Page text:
Château de Villesavin

Tour-en-Sologne, France

Villesavin, built between 1527-1537 by Jean Breton, was his home while he supervised works at Château de Chambord nearby. Stone carvers from the royal château ornamented Villesavin.

Villesavin is one of the least altered of the many late-Renaissance châteaux in the Loire Valley. Low walls and unusually high roofs has been built around three very spacious courtyards. The elegant southern facade ends with a large dovecote. The château’s essentially domestic spirit is also evident in the service court, overlooked by a spacious kitchen with a working pit.

The interesting collection of old carriages on display includes an 18m long voiture de chasse with four rows of seat, from which ladies could watch the hunt.

References:
  • Eyewitness Travel Guide: Loire Valley. 2007

Comments

Your name

Website (optional)



Details

Founded: 1527-1537
Category: Castles and fortifications in France

Rating

4.1/5 (based on Google user reviews)

User Reviews

Malcolm Connop (2 years ago)
Great area lovely people.
Simon Rose (2 years ago)
Nice château. As with most the grounds are cheaper than going inside. There is a small "farm" to see with a handful of animals (goats, chickens, rabbits, a pony and donkeys. Nice gardens for a picnic and a pleasant walk round the outside of the chateau. Also fed the fish! 6€ entry for grounds.
Jan Luse (2 years ago)
Lovely chateau but if you want to see the inside you pay more for a tour or you just see the outside for your admission price.
Mark Edwards (2 years ago)
Beautiful place worth a visit
Erwin Reijgers (3 years ago)
Spectacular architecture! Worth a visit. Was able to go in late spring mid-week so crowds were not bad. There's a lot more to see since the last time I was there 15 years ago.
Powered by Google

Featured Historic Landmarks, Sites & Buildings

Historic Site of the week

Saint Sophia Cathedral

The St Sophia's Cathedral was built between 1045-1050 inside the Novgorod Kremlin (fortress). It is one of the earliest stone structures of northern Russia. Its height is 38 m. Originally it was taller, for during the past nine centuries the lower part of the building became concealed by the two-metre thick cultural layer. The cathedral was built by Prince Vladimir, the son of Yaroslav the Wise, and until the 1130s this principal church of the city also served as the sepulchre of Novgorodian princes. For the Novgorodians, St Sophia became synonymous with their town, the symbol of civic power and independence.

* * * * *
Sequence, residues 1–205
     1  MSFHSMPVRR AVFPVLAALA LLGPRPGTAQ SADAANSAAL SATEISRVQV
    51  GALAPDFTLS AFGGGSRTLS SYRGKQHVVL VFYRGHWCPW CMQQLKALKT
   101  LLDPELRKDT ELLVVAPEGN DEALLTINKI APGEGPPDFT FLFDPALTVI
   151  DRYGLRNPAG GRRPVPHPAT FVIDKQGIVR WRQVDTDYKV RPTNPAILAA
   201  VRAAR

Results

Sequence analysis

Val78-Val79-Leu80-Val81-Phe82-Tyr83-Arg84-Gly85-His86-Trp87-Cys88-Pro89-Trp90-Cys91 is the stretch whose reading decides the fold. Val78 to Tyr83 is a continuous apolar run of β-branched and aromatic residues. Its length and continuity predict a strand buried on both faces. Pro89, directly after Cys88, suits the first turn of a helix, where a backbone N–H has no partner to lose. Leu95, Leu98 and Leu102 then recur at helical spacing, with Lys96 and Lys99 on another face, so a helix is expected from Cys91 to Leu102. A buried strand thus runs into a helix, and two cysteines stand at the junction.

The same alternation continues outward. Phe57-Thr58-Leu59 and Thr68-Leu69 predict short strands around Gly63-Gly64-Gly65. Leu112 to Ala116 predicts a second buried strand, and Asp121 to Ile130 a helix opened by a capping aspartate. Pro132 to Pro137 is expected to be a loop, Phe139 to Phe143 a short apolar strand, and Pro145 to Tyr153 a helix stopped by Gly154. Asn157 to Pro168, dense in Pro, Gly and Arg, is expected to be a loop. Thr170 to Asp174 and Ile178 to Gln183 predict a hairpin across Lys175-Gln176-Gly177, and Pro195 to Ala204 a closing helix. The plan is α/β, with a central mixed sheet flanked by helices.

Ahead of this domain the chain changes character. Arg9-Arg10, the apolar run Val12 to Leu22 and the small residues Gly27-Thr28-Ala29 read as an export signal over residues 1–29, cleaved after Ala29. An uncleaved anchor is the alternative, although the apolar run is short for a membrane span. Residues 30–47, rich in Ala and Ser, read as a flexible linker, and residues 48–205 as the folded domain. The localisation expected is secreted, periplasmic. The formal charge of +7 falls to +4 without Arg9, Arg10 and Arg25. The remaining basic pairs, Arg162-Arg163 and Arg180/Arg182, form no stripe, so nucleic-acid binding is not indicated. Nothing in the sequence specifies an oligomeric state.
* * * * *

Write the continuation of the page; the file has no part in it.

The five-domed church looks simpler but no less impressive than its prototype, the thirteen-domed St Sophia of Kiev. The cathedral exterior is striking in its majesty and epic splendour evoking the memories of Novgorod's glorious past and invincible might. In the 11th century it looked more imposing than now. Its facade represented a gigantic mosaic of huge, coarsely trimmed irregular slabs of flagstone and shell rock. In some places (particularly on the apses), the wall was covered with mortar, smoothly polished, drawn up to imitate courses of brick or of whitestone slabs, and slightly coloured. As a result, the facade was not white, as it is today, but multicoloured. The play of stone, decorative painting and the building materials of various texture enhanced the impression of austere simplicity and introduced a picturesque effect.

The two-storied galleries extend along the building's southern, western and northern sides, with a stair-tower constructed at the north-eastern corner. The cathedral has three entrances - the southern, western and northern, of which the western was the main one intended for ceremonial processions. A gate standing at the entrance is known as the Sigtuna Gate (mid-12th century); according to legend, it was brought from the Swedish town of Sigtuna in 1187. The second name of the gate derives from the town of Magdeburg, where it was made. The two leaves are decorated with biblical and evangelical scenes in cast bronze relief. In the lower left corner there are portraits of the craftsmen who created this superb specimen of medieval Western European bronze-work. An inscription in Latin gives their names, Riquin and Weissmut. The small central figure - judging from an inscription in Slavonic - is a representation of the Russian master craftsman Avraam, who assembled the gate.

There is yet another bronze gate in the cathedral, called the Korsun Gate. Made in the 11th century in Chersonesos, Byzantium, it leads from the southern gallery into the Nativity Side-Chapel. Legend has it that the gate was handed over to Novgorod as a gift of Prince Yaroslav the Wise (c. 978 - 1054).

The interior of the cathedral is as majestic as its exterior. It is divided by huge piers into five aisles, three of which end in altar apses. In the south-western corner, inside the tower, there is a wide spiral in relatively small, modest buildings of the 12th - 16th centuries.